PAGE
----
Getting Started: Books Every Beginning Collector Should Read
Even the experts will tell you — introductory books on coins and collecting are your best numismatic investment.
A basic library of numismatic references is an outstanding resource for the beginning collector. Books can teach you about the coins you are pursuing, guide you as you build your solicitation and introduce you to fresh collecting areas. here are some suggestions for your home library. I think you ‘ ll find these books informative, helpful and fun .
A great locate to start is with a general overview of the hobby, such as Coin Collecting for Dummies by Ron Guth. It has an abundance of utilitarian information to help you get the most out of coin collecting. There is a nice discussion of how to choose a roll up area, along with detail information and collect strategies for american coins. Guth explains the factors affecting a coin ‘s value, suggests sources for buying coins and helps you navigate the coin marketplace. other good, basic references are The Whitman Guide to Coin Collecting by Kenneth Bressett and The New York Times Guide to Coin Collecting by Ed Reiter .
To learn the value of the coins you have or want to acquire, you ‘ll need a price guidebook. The classic in this category is A Guide Book of United States Coins by R. S. Yeoman, edited by Kenneth Bressett. Known as the “ Red Book “ because of the color of its cover, it is updated per annum. It surveys american english coins from colonial issues to state quarters and everything in between, presenting retail values for coins in up to seven grades. Enhanced with coloring material photos and packed with interest historic information, the Red Book is one reference no collector should be without .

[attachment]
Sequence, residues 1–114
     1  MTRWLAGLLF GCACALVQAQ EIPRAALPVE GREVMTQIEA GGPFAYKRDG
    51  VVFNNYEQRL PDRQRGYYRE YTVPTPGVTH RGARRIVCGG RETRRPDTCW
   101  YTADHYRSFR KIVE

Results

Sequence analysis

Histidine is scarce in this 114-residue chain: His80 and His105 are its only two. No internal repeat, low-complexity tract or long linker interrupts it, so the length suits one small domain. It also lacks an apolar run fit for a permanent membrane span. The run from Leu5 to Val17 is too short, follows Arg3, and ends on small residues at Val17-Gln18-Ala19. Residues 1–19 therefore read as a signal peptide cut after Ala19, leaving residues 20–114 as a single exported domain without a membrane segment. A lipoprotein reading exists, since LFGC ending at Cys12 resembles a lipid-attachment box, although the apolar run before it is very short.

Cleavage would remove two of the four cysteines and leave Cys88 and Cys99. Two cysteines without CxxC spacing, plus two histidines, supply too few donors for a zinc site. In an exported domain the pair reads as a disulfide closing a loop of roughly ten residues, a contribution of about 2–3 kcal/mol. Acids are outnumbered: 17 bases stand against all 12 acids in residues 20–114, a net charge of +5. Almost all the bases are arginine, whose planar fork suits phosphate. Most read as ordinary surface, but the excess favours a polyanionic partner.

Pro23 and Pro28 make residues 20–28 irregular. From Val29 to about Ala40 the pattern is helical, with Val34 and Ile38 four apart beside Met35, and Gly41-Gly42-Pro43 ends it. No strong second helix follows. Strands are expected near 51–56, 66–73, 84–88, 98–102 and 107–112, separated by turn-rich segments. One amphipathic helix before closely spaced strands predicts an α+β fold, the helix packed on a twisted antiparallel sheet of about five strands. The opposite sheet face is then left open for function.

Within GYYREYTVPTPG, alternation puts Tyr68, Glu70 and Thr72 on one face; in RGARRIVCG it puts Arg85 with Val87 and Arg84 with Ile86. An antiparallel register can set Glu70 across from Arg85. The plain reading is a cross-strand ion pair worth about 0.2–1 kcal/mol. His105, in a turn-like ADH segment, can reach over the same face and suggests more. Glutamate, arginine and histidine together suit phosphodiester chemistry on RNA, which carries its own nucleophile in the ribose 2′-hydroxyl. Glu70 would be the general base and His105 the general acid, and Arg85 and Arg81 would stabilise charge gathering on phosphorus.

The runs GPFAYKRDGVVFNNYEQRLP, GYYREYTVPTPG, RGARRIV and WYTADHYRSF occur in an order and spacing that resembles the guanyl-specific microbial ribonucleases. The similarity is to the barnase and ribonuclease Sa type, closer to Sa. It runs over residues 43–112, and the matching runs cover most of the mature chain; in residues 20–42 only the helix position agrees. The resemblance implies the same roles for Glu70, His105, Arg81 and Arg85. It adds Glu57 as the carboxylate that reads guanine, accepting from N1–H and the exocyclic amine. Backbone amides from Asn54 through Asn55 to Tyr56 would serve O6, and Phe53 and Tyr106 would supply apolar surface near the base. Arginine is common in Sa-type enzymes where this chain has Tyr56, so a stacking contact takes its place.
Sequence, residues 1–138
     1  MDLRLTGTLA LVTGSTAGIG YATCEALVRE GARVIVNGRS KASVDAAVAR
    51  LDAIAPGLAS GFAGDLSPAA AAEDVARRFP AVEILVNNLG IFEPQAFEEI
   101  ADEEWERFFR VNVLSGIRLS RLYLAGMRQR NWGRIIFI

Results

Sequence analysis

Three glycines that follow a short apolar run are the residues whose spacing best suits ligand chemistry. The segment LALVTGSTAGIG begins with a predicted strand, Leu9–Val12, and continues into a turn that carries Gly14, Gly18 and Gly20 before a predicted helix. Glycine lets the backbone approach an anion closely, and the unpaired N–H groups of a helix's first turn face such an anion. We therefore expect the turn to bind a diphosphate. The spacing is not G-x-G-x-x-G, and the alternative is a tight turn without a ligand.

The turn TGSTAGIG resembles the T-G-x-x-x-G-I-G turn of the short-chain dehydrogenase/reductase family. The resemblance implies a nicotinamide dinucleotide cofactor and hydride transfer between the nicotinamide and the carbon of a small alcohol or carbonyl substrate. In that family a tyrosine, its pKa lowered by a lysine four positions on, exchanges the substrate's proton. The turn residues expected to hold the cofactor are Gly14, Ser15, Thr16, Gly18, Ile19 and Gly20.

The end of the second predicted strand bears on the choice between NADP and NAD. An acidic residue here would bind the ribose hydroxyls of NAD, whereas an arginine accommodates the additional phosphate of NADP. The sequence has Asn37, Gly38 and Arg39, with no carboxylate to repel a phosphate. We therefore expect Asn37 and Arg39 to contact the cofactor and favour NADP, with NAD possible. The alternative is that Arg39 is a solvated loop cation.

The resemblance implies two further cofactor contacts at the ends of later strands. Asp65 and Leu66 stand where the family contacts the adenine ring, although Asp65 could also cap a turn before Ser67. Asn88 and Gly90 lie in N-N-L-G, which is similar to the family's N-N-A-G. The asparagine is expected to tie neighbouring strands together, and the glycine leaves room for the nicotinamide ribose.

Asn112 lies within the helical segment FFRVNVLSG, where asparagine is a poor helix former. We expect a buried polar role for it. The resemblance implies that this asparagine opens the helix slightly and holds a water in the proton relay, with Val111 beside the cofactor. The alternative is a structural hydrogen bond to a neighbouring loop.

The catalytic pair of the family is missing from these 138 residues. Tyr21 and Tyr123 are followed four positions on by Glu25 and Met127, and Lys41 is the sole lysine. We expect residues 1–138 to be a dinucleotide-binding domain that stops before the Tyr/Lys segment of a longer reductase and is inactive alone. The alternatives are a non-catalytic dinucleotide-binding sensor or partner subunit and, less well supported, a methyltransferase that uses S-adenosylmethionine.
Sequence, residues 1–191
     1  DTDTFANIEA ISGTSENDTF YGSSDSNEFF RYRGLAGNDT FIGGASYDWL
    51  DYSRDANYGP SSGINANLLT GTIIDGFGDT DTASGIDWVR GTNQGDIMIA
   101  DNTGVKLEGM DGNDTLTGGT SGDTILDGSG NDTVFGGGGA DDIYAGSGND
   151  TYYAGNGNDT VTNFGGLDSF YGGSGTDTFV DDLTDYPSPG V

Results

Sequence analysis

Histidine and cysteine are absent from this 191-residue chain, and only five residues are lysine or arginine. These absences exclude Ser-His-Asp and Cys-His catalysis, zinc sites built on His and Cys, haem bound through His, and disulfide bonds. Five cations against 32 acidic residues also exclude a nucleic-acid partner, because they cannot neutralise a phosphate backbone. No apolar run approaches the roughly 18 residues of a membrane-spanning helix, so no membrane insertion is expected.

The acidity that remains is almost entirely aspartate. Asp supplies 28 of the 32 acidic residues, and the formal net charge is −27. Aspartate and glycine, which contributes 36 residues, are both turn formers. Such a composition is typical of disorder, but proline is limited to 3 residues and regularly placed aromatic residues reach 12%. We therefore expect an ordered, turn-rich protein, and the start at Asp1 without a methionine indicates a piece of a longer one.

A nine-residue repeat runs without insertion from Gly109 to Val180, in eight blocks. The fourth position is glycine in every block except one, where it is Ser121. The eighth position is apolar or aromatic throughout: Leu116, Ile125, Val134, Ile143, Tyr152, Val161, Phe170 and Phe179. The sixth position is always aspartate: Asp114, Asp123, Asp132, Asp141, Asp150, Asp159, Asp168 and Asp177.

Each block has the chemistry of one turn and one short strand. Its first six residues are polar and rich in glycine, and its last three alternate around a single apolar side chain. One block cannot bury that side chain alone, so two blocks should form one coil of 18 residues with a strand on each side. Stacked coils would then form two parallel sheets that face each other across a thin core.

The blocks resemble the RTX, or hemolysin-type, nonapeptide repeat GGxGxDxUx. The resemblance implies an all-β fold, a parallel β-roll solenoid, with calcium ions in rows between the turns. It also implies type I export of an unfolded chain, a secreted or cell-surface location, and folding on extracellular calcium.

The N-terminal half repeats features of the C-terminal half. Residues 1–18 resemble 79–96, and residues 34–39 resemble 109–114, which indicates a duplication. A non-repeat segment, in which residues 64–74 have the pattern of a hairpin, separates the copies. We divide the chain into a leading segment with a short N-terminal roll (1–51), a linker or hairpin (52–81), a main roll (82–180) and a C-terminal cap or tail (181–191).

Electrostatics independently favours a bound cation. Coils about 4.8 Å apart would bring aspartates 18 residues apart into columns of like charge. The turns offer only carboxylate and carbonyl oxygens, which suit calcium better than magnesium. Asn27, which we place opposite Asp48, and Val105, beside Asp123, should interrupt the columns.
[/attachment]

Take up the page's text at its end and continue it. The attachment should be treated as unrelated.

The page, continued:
Coin World Guide to U. S. Coins, Prices & Value Trends by the editors of Coin World is another identical good price guide, with retail values for coins in up to 15 grades and informative chapters on U. S. coinage history, the mint process and other topics. When perusing price guides, you ‘ ll see that a coin ‘s rate depends on its grade, or degree of preservation. Because grade is so significant, official ANA Grading Standards for United States Coins, edited by Kenneth Bressett and Abe Kosoff, is very useful for evaluating coins. The ledger offers a general presentation to grade, followed by photograph and descriptions of grades for each character of U.S. coin. The simpleton format helps you grade coins by comparing them to standard definitions.
References using the “ Q & A ” format are particularly helpful when you are building your solicitation. Two are great choices, focusing primarily on american coinage : Coin Clinic : 1,001 frequently Asked Questions by Alan Herbert is organized by subject, while Coins : Questions and Answers by Clifford Mishler is organized by mint type. Both are informative, easy to read and ideal for browsing.
Two, ace books explore money produced in an array of places and times. Eyewitness Guide : money by Joe Cribb is a ocular delight, with many attractive tinge photos and interest stories on every foliate. It traces the development of coins and newspaper money around the world, from ancient times to the stage, and is a fantastic introduction to money in all its forms.
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Warman ‘s Coin & Currency by Allen Berman and Alex Malloy catalogs United States coins and paper money, canadian coins, ancient and medieval coins, and modern coins and paper money from around the global. There are photographs of many items and values for one or two grades, with enlightening essays introducing each incision. If you want to know what ‘s “ out there ” you ca n’t go wrong with the books by Cribb and Berman .
You ‘ll find these books a pleasure to read, and the information you glean will be an enormous help as you assemble your collection. happy read ! Mitch Sanders | Originally printed in The Numismatist